Leading others is ability to engage, energise, and enable the team to excel. Leadership is influencing, motivating and enabling others to contribute towards the effectiveness, achievement of goals and success of the organization.
To be a great leader, one needs to have the right skills to lead others. This means having the knowledge, skills, competence and understanding of how to engage, motivate and manage people. One also needs to be able to formulate a vision, set a strategy and motivate people towards common organizational goals (MCE, 2020).
Early research investigated leadership traits where scholars worked to understand what special traits such as mental ability, physical and social skills a leader must have to be effective at leading their organization. Later research focused on leadership behaviours, i.e. what leaders actually do so they can be effective in their organizations. Following that, contingency theories of leadership suggested that contexts determine which leadership trait or behavior might be appropriate (and effective) in leading an organization. At the same time, another line of leadership research focused on leadership styles where researchers investigated how a leader works to decide what style of leadership is best. This research led to a focus on two distinct, yet contrasting styles of leadership, commonly referred to as transactional and transformational. Transactional leaders influence employees primarily by rewarding their efforts through material means, clarifying task and role (work) requirements, using rewards to reinforce behavior, and intervening when work is below standards. By contrast, researchers suggested that someone using a transformational leadership style motivates subordinates to work for the collective goals of the organization by going beyond expectations, and inspiring subordinates to extend beyond their self interest for the sake of the organization. Central to both of those leadership styles is that leaders exercise intentional influence over people (Fossey, 2020).
Leadership should be seen not only as position and authority but also as an emergent, interactive, dynamic when people come together to meet the challenges they face.
Leadership focuses on the strategies that promote organizational creativity and adaptability. It is an emergent, interactive dynamic that can produce adaptive outcomes, while leaders are individuals who act in ways that can influence this dynamic.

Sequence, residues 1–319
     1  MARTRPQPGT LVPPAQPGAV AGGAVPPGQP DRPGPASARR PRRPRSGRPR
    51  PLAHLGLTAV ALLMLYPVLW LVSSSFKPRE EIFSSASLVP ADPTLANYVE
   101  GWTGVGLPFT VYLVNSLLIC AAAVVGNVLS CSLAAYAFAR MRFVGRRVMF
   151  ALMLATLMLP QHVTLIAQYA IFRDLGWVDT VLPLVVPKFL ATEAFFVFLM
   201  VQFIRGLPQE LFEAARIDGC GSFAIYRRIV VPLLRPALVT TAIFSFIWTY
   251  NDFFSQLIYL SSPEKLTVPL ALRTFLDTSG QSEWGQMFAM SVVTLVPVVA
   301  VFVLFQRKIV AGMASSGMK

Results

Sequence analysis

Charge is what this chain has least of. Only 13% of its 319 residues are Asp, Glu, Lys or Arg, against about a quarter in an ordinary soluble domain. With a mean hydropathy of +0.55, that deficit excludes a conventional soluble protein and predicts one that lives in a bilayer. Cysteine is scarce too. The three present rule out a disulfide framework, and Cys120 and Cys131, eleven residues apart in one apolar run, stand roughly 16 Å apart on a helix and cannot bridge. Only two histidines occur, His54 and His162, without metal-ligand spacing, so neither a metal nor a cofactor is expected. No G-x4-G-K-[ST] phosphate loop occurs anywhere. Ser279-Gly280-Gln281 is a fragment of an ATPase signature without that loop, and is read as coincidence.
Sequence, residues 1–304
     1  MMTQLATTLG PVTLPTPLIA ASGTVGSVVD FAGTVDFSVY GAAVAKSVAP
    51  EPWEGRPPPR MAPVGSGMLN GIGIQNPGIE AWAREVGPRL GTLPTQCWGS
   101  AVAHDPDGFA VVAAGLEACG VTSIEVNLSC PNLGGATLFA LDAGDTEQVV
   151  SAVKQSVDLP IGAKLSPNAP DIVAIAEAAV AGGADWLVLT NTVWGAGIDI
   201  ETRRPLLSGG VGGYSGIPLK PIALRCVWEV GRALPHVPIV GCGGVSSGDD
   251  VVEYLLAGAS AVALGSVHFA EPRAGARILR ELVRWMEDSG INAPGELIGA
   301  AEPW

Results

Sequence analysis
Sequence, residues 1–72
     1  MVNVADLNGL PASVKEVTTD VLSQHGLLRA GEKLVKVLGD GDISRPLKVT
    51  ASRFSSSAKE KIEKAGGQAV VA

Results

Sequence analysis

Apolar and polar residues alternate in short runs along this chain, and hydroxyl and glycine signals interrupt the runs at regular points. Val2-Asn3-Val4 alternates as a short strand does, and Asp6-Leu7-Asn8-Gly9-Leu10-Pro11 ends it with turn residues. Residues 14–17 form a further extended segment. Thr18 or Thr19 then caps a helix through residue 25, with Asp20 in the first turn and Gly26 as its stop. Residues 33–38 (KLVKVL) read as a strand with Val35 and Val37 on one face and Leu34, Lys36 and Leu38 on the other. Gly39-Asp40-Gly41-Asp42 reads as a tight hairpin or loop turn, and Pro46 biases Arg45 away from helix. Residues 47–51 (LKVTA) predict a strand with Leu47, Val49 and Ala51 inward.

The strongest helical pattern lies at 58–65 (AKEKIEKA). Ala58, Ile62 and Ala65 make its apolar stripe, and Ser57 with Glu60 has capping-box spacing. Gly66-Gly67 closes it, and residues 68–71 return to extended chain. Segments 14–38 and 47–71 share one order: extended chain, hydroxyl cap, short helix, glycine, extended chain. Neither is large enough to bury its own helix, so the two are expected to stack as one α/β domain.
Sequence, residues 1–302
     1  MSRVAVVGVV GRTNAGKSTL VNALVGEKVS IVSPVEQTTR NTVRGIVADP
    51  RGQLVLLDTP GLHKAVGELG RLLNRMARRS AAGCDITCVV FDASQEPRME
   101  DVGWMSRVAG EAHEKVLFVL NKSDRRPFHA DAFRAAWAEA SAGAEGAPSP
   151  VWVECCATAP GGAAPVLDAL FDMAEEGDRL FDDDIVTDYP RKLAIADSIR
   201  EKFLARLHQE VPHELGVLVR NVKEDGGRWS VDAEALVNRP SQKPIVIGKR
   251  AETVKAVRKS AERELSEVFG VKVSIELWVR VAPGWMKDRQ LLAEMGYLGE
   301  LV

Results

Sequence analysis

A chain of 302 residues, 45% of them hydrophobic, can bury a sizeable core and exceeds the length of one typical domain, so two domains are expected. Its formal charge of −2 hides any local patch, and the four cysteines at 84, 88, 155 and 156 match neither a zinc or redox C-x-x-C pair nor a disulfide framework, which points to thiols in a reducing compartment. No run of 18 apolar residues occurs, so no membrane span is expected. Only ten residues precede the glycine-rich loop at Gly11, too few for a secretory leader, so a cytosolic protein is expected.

No institution can possibly survive if it needs geniuses or supermen to manage it. It must be organized in such a way as to be able to get along under a leadership composed of average human beings.
- Peter Drucker
The archetypal qualities desired from leaders are undoubtedly opportune in dire circumstances. However, “old paradigm” trait approaches and notions of situational, contingency, transactional, and even transformational leadership - all of which smack of command and control more or less overtly - cannot serve the miscellany of organizations that need leadership in the workplace in the twenty-first century. Certainly, all over the world, “ordinary” people work with remarkable success in extraordinarily challenging circumstances yet do not advertise superhuman characteristics in their leadership styles.
The challenges that organizations face in their efforts to perform owe to the rapid spread and connectedness of production, communication, and technologies across the world, and attendant changes in perceptions, expectations, opportunities, requirements, and workforces.
Leading Change in the Public Sector, released by the Chartered Management Institute (Charlesworth et al. 2003), gave a reality check on the pressures from public reform agendas in the United Kingdom that is quite suggestive of what is still being experienced there as elsewhere. Importantly, the research project also presented a sober assessment of what attributes and skills survey respondents desired from their leaders and saw demonstrated. It revealed a clear perceived cultural shift in terms of the (then) new focus on delivery and working through partnerships. But, it made clear that resources and manpower levels were the greatest hindrance on reform. Clarity of vision was placed firmly at the top of the list of desired leadership attributes, followed by integrity and sound judgment. Yet, the survey respondents reported that the top three qualities their most senior management team demonstrated instead were those of being knowledgeable, strategic, and committed to people. The three top desired public leadership skills were communication, engaging employees with a vision of the organization, and creating an enabling culture. That said, the gap was considerable in all three instances, notably regarding the third (Serrat, 2017).